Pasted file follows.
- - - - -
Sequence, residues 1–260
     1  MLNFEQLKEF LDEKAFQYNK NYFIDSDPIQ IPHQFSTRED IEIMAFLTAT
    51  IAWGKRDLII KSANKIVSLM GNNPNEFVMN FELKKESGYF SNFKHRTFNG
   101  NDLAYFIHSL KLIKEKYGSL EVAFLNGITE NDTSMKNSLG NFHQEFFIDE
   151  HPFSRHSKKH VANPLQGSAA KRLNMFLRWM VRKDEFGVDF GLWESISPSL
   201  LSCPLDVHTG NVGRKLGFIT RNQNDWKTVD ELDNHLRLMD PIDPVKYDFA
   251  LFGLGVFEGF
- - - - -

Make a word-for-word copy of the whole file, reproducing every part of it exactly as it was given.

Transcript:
Sequence, residues 1–260
     1  MLNFEQLKEF LDEKAFQYNK NYFIDSDPIQ IPHQFSTRED IEIMAFLTAT
    51  IAWGKRDLII KSANKIVSLM GNNPNEFVMN FELKKESGYF SNFKHRTFNG
   101  NDLAYFIHSL KLIKEKYGSL EVAFLNGITE NDTSMKNSLG NFHQEFFIDE
   151  HPFSRHSKKH VANPLQGSAA KRLNMFLRWM VRKDEFGVDF GLWESISPSL
   201  LSCPLDVHTG NVGRKLGFIT RNQNDWKTVD ELDNHLRLMD PIDPVKYDFA
   251  LFGLGVFEGF